AB: Whenever a person is able to refine and evolve the way they execute a movement, or an action, remarkable breakthroughs often happen in what is possible. When this occurs, people experience enhanced well-being and increased vitality.
JBT: Evolution of the mammalian nervous system occurs from the bottom up, from a state of lesser complexity to a state of greater complexity. As you say Anat, “The job of the brain is to put order in the disorder and to make sense out of the nonsense.” New tissue grows on top of tissue that has already maximized its level of complexity. When the new tissue is added on, there is a level of chaos in how the tissue is connected, and over time the kinks get worked out of the system, and higher levels of sophistication of function evolve. With this comes the possibility of more complex and refined function and execution in general.
When I first experienced the stroke, my world disappeared because my brain lost its ability to create order of my perceptions. For example, when I was first able to stand up again, while leaning my body against the sink and wash dishes, my brain was unable to manage the complexity of the demand to keep balance and at the same time figure out how to organize the washed dishes in the dish rack.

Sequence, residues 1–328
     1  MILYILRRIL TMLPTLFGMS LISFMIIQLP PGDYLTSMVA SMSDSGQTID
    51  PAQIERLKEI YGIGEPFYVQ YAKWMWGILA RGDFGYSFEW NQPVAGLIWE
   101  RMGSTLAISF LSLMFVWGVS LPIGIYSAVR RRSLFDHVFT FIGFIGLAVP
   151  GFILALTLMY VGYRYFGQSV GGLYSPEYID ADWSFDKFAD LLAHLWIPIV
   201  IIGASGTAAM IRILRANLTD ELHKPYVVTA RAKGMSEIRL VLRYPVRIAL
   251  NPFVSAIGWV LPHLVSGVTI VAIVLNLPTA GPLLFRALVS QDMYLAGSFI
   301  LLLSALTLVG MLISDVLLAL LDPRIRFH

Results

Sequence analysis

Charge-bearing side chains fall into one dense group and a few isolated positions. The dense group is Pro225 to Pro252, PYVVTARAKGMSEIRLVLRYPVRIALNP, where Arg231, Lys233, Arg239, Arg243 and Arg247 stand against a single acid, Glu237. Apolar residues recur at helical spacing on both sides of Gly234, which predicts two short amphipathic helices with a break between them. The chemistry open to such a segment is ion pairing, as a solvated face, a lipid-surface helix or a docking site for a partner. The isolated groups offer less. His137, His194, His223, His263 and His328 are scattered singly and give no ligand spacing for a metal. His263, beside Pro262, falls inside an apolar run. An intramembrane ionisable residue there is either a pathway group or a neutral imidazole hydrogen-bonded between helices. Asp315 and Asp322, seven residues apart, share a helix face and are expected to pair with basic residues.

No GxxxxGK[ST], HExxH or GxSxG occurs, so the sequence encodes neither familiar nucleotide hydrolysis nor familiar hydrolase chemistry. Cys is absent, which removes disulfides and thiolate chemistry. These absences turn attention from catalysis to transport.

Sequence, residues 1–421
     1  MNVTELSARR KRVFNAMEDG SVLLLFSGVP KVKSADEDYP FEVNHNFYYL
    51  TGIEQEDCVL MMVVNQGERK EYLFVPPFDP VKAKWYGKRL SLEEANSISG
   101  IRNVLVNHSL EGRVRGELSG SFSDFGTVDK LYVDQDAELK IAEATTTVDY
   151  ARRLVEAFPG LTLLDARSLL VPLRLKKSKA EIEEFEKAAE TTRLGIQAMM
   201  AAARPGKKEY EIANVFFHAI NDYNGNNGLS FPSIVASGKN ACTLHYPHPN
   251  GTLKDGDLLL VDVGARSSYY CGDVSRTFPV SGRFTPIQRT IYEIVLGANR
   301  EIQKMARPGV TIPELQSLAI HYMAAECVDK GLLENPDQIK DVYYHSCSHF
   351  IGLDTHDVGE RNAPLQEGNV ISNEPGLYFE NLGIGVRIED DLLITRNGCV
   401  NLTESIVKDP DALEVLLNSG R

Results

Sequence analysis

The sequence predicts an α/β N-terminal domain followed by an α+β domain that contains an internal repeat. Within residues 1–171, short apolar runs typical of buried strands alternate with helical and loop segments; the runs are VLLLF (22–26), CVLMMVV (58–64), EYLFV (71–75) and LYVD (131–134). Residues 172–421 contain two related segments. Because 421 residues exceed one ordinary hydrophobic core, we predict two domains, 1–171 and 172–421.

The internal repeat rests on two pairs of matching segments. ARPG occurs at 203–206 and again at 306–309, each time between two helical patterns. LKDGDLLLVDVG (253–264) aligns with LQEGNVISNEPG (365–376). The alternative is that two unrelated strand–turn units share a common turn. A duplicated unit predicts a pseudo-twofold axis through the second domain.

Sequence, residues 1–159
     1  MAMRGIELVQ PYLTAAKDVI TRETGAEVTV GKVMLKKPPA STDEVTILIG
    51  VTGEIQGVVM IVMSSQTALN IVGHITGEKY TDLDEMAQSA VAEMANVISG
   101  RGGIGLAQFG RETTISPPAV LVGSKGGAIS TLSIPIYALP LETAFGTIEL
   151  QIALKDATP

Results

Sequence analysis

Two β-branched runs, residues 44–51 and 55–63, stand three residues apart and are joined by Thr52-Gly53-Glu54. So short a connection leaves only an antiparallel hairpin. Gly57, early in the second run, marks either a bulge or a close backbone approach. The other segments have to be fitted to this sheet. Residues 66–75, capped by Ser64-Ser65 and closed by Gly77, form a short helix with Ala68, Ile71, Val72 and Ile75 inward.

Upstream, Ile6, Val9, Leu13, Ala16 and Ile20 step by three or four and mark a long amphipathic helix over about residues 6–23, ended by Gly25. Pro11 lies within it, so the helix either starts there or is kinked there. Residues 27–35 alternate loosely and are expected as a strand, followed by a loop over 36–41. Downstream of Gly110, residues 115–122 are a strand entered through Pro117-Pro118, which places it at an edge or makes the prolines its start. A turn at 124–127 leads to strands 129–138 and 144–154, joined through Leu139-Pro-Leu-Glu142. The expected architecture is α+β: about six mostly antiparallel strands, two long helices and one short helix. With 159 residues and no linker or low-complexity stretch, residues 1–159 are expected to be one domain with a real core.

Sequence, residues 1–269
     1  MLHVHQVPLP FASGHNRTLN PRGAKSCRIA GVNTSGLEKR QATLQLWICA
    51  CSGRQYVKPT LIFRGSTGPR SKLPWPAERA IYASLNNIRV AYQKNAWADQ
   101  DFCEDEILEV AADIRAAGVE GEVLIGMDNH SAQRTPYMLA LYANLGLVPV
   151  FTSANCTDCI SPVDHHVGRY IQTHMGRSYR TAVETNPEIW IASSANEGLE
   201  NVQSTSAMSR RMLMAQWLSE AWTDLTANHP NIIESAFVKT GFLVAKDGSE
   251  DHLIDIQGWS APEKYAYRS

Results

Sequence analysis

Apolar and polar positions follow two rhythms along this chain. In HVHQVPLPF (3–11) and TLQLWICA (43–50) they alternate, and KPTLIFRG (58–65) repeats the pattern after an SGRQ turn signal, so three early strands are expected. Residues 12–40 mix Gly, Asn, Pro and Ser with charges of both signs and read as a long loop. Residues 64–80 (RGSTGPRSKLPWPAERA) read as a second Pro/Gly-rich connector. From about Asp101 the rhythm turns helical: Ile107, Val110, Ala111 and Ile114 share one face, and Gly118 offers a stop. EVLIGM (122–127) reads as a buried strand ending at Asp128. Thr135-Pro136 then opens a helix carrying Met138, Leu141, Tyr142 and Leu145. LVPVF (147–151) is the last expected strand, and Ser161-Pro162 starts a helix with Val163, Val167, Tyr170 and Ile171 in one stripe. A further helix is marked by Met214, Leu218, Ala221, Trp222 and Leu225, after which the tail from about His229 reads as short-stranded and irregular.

The movement of my arms was very blocky, and my ability to figure out how to organize the dishes spatially also became unrefined. I could not figure out how to fit the dishes in the dish rack. I could not see it and I could not think it. As a result, the dish rack got filled very quickly with only a few dishes.
AB: This is so important. Any skill that we can learn to perform requires an increase in the number of connections in the brain, i.e., a greater degree of differentiation and a higher level of organization in the brain. I also love this example because it demonstrates how the physical and cognitive functions are intimately connected neurologically and they develop together.
JBT: Any time there is an increase in the level of performance (be it cognitive, physical, emotional, or interpersonal), there is a corresponding increase in the number of neural connections.
AB: I like to demonstrate this idea in the following way:
If you were asked to create the image of a duck, and were given only three pieces, it might look like this first image. To other people this image might look like a duck or it might look like something else. At this crude level of differentiation, it is impossible to create a precise mapping of the body to the brain. This is comparable to how you were standing at the sink and placing the dishes in the dish rack.
When we add more pieces that are smaller and more refined, we can create an image that is more representative of a duck. This is what was happening in your brain as you gained more precise perception and motor control that enabled you to place the dishes more accurately in the slots.
With continued differentiation (smaller and smaller pieces in greater numbers), we create a more full and precise map of our body in our brain. This provides us with the complexity necessary to organize high quality, elegant actions that match our intention.
In order to do something new or improve on something we already do—in order to create new possibilities—our brain needs to create many new “little pieces” which are the building blocks of learning.